A patient with insurance through work or the health-insurance exchanges can be surprise-billed when she seeks medical care at a hospital or clinic that’s in her insurance “network” — but then receives medical care from a person or an institution that’s outside the network.

That out-of-network provider will first send a bill to the patient’s insurer. But if the insurer doesn’t pay the full amount, the provider may bill the patient directly for the remaining balance. Because the provider is basically free to name its own price, these surprise bills can be wildly inflated.

In a coronavirus pandemic, a patient can do everything right and still face substantial surprise bills. Take someone who fears that she may have contracted Covid-19. After self-quarantining for a week, she develops severe shortness of breath. Her partner rushes her to the nearest in-network emergency room. But she’s actually seen by an out-of-network doctor — who may soon send her a hefty bill for the visit.

Matters get worse if the in-network hospital is approaching capacity and the patient is healthy enough to be sent to a hospital across town with spare beds. If the second hospital is outside her insurance network, she could potentially receive a second surprise bill. A third could come from the ambulance that transfers her — it too might not be in-network, and no one will think to check during a crisis. She could get a fourth surprise bill if her coronavirus tests are sent to an out-of-network lab. And so on.

Even in normal times, patients with private insurance receive roughly one surprise bill for every 10 inpatient hospital admissions.

These are not normal times.

Federal law currently provides little protection. The Affordable Care Act does cap an individual’s out-of-pocket spending — but the cap only applies to in-network care. For surprise bills, the sky is the limit.

Reputable providers will appreciate that now is not the time for price gouging. But many won’t and will seek to exploit people’s medical needs for financial gain, much as they did before the coronavirus began to spread. They may calculate that can collect enough money charging exorbitant fees for out-of-network services — and still make it to an airport ahead of a mob carrying pitchforks and torches.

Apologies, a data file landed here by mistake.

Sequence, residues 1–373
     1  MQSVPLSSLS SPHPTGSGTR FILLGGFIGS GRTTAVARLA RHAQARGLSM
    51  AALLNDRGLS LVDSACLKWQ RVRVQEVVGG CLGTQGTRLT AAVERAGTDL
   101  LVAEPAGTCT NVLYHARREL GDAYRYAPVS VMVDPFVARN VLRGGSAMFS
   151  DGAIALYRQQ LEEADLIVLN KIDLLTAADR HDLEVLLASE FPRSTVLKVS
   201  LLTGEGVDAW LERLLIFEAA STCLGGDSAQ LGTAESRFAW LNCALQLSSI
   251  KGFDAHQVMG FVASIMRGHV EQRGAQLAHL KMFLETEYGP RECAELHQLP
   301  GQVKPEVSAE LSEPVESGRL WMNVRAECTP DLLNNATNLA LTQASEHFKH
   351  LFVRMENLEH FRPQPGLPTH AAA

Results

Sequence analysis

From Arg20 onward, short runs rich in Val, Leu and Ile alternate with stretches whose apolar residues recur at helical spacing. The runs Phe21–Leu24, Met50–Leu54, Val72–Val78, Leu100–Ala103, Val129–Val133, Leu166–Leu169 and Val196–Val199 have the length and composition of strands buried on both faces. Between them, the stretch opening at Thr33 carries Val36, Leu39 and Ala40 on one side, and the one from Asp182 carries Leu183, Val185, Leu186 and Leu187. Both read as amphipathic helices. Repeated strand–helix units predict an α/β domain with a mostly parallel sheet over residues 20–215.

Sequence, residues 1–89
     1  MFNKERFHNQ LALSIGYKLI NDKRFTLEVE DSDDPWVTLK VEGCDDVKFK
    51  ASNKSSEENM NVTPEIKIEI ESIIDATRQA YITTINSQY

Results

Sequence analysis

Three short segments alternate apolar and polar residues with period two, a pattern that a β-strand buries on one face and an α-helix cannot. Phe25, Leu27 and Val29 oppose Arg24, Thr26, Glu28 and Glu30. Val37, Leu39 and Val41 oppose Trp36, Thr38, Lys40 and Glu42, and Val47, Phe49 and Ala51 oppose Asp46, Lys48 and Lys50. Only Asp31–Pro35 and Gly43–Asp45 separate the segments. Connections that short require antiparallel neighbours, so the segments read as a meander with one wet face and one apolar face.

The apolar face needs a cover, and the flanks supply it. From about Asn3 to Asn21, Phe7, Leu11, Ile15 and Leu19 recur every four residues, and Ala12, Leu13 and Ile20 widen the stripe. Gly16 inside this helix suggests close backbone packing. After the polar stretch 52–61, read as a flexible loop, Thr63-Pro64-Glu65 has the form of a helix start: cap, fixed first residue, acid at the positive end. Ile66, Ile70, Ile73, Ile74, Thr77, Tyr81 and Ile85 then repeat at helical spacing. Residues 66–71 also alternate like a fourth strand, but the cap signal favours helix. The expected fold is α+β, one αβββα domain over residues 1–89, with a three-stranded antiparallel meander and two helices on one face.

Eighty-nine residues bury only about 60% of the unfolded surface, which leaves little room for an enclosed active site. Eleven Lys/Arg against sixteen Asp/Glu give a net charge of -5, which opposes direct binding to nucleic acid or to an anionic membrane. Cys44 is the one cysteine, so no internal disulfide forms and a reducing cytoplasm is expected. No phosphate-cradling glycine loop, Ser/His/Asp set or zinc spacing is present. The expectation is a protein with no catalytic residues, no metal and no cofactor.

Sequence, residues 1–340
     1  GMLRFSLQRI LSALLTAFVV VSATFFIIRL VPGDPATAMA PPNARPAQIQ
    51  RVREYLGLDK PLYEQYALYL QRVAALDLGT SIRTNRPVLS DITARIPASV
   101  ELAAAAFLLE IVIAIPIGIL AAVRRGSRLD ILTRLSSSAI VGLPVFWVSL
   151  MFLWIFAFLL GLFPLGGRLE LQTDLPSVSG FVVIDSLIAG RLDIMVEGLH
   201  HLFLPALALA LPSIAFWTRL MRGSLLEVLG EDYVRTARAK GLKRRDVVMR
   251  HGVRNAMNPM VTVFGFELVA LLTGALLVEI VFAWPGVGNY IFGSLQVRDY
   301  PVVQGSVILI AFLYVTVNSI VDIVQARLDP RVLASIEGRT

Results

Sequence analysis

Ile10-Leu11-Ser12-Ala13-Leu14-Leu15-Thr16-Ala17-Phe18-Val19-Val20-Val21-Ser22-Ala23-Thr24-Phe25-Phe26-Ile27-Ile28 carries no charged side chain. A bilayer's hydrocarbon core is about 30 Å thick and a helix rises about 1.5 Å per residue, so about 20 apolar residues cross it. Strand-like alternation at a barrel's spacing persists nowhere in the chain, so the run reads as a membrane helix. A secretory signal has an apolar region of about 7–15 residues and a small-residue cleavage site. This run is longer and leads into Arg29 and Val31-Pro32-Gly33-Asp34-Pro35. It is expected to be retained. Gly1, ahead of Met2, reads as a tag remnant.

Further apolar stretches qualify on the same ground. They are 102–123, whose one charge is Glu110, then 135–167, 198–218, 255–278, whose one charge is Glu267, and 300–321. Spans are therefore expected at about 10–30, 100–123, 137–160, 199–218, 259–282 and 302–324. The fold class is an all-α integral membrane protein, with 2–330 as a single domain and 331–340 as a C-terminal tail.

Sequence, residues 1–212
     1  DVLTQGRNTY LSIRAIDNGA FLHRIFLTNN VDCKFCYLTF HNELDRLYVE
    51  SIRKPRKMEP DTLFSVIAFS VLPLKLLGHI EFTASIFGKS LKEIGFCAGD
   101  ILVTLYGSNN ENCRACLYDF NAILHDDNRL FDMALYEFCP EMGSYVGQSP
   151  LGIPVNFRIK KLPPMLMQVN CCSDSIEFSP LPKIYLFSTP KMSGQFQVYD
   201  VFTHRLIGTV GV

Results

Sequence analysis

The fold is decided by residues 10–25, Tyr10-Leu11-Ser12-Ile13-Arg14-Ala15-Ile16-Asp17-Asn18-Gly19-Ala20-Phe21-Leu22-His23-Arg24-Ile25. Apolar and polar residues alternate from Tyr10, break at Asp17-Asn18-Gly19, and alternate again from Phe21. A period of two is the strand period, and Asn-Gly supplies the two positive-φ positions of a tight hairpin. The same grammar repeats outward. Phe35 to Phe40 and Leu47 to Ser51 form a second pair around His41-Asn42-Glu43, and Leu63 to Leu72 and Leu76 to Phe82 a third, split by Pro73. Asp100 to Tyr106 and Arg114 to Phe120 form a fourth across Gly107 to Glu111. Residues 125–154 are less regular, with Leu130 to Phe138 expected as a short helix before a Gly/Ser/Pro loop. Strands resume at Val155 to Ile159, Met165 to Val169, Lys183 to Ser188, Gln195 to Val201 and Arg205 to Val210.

We need more than gauzy commitments from the president. We need a law to ban bills incurred from out-of-network providers for medical care associated with the coronavirus outbreak. Unless that commitment is ironclad, people may not believe it. And if they don’t believe it, they won’t get tested.

To date, Congress — cowed by a furious public relations campaign led by private equity and specialty physicians — has been unable to pass a law banning routine surprise billing. Though Congress has moved closer to a watered-down deal in recent months, neither the House nor the Senate has actually passed a bill.

The coronavirus should refocus Congress’s attention. At a minimum, the legislature should quickly pass a temporary measure to limit out-of-network charges for coronavirus testing and treatment.

In the meantime, states can take action. About half have already passed surprise-billing laws, including California and New York, two of the hardest-hit states. But the laws in many states are patchy: Some cover only emergency room care, others don’t contain a legal mechanism for cutting back on excessive bills, and none are tailored for the current outbreak.

Already, reports of people who have received eye-popping bills for coronavirus testing or emergency room visits are circulating. As these stories proliferate, people will become even more reluctant to get tested or treated when they should. That will obscure the spread of the virus, complicate efforts to adopt measures for social distancing, and lead to unnecessary deaths.

It’s a national disgrace that the United States didn’t ban surprise bills in a time of relative prosperity and security. It could become a public health calamity if we do not end them in a world with coronavirus.

 

 

 

Experts agree that Trump’s coronavirus response was poor, but the US was ill-prepared in the first place